There are basically three theories about the origin of the moon:
- It was an independent star that, passing close to the Earth, was captured in orbit.
- The Earth and the Moon were born from the same mass of matter that revolved around the Sun.
- The Moon arose from a kind of “swelling” of the Earth that was detached by centrifugal force.
A fourth explanation about the origin of the moon, which is a hybrid of the previous three, is currently accepted: the Earth collided with a massive body in space during its formation. A portion of the material was expelled and came together to create our satellite.
However, a fifth hypothesis recounts the formation of the Moon from the elements that the formative epoch’s gigantic volcanoes flung to high heights.
The Origin of the Moon: The Fission Hypothesis
The fission theory proposes that the Earth and the Moon were once one body, with a portion of the mass evacuated due to the instability induced by our planet’s tremendous rotational acceleration at the time.
The detached portion “retained” some of the initial system’s angular momentum and, as a result, remained in rotation, which, with the passage of time, became synchronized with its translation period.
The section that broke off is said to correlate with the Pacific Ocean, which is around 180 million square kilometers in size and has an average depth of 4,049 meters.
However, opponents of this theory argue that in order for such a significant piece of our planet to detach, it should have spun at such a fast rate that it could spin around in only three hours. Such a fantastic speed appears to be impossible since, if the Earth rotated too rapidly, it would not have formed due to an excess of angular momentum.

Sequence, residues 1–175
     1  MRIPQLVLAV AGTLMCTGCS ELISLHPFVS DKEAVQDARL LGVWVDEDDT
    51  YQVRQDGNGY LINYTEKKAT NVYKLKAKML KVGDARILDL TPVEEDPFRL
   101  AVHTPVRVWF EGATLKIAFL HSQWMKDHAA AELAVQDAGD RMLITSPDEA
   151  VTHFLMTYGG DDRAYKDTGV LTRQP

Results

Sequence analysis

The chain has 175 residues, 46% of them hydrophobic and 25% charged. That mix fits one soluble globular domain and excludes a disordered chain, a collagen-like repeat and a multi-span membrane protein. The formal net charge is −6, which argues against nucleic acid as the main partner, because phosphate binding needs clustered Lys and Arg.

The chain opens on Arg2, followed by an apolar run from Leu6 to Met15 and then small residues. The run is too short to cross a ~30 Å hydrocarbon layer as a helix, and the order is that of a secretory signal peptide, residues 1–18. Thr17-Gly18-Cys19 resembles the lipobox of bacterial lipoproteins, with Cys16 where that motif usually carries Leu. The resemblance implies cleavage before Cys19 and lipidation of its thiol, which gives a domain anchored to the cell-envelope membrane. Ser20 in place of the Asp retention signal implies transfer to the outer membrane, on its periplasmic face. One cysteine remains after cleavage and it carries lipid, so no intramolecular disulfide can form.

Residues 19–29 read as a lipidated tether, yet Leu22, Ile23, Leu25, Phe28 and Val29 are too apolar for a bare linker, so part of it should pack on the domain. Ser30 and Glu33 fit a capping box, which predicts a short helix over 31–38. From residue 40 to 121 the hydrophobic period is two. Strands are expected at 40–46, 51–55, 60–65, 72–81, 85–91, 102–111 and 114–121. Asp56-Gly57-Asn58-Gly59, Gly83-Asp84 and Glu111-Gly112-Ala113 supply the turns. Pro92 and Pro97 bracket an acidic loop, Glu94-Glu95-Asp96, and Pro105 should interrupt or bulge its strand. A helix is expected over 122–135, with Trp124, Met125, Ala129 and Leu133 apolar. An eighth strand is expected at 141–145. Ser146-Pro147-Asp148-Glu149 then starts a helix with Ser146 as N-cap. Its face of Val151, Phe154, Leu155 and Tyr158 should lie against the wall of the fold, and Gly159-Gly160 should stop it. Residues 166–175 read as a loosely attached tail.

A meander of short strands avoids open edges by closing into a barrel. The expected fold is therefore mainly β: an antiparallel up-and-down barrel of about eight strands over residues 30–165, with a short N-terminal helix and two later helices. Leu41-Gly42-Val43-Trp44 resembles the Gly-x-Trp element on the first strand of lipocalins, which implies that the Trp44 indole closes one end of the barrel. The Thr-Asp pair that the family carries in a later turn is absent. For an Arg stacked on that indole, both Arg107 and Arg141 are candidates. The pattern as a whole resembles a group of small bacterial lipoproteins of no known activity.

The Origin of the Moon: The Capture Hypothesis
A second idea, known as the “capture” hypothesis, holds that the Moon was an independent planetesimal star that originated at a different period and in a different location from ours.
The Moon initially had an elliptical orbit with an aphelion (farthest point from the Sun) near the planet Mercury and a perihelion (closest point to the Sun) at the distance that presently separates it from the Sun. The gravitational impacts of the big planets would have altered this orbit, altering the entire planetary system by expelling numerous things from their orbits, including our satellite.
The Moon journeyed through space for a long period before being grabbed by the Earth’s gravitational attraction. However, it is difficult to explain how the Moon’s substantial slowdown happened in order for it not to escape the Earth’s gravitational field.
The Origin of the Moon: A Binary Accretion Hypothesis
The binary accretion hypothesis proposes that the formation of the Moon and the Earth happened at the same time, from the same material, and in the same region of the solar system. The radioactive dating of lunar materials brought to our planet by numerous space missions, which dates the lunar age to between 4.5 and 4.6 billion years ago, about the age of the Earth, lends support to this notion.
The disadvantage is that if both were formed in the same area and with the same material, how could they have such a varied chemical makeup and density? The Moon is rich in titanium and unusual compounds, elements that are scarce on Earth, at least in the most superficial layer.
The Origin of the Moon: An Impact Hypothesis
The current preference appears to be the impact theory. It is assumed that a collision of the Earth with a body around one-seventh the size of our planet led to the formation of the moon. The impact caused massive pieces of matter to jump into space, where they were accreted into the Moon by a process similar to that which produced the rocky planets around the Sun.
The most skeptic-inducing element of this idea is that there would have to be just too many coincidences. At the beginning of the solar system, the likelihood of colliding with a wandering star was quite high. It is more difficult to explain why the planet did not completely disintegrate in the impact and why the shards were substantial enough to produce a satellite.
The impact theory was recreated using computers, modeling a collision with an object the size of Mars that, at a speed of less than 50,000 km/h, would allow the development of a satellite.